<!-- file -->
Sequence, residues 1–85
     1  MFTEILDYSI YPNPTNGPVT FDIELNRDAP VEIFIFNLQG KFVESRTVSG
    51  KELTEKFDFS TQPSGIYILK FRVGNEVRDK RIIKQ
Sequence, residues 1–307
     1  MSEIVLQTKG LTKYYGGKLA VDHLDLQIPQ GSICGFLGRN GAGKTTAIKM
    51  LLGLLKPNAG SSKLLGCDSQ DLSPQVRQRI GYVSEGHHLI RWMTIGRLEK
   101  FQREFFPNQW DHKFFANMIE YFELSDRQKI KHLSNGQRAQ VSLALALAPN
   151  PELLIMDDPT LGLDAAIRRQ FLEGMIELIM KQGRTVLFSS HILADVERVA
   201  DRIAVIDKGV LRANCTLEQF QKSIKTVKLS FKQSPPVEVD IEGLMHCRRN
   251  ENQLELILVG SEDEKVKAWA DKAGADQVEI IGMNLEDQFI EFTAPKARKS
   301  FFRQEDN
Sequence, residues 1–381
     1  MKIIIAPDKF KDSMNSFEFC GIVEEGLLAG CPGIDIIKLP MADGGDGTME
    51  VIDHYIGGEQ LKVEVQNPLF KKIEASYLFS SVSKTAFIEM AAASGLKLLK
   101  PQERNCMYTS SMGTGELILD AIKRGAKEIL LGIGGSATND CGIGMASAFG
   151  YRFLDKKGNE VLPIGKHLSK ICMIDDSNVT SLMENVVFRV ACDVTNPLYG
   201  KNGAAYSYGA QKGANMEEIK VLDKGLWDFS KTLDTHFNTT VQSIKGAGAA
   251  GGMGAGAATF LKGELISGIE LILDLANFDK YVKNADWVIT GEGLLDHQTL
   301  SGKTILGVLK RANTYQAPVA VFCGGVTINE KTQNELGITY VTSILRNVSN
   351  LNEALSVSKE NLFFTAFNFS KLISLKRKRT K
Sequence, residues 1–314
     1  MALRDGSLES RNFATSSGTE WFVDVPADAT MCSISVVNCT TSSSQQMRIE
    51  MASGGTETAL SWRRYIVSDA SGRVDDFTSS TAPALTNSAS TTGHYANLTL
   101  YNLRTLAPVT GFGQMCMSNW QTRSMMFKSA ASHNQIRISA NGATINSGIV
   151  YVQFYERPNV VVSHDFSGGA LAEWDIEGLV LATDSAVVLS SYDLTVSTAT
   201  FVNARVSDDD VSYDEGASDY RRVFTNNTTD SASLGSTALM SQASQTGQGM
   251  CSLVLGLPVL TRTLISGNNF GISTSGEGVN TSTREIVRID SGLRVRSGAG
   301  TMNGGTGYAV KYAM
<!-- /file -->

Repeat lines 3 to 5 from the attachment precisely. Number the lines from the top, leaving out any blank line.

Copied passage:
    51  KELTEKFDFS TQPSGIYILK FRVGNEVRDK RIIKQ
Sequence, residues 1–307
     1  MSEIVLQTKG LTKYYGGKLA VDHLDLQIPQ GSICGFLGRN GAGKTTAIKM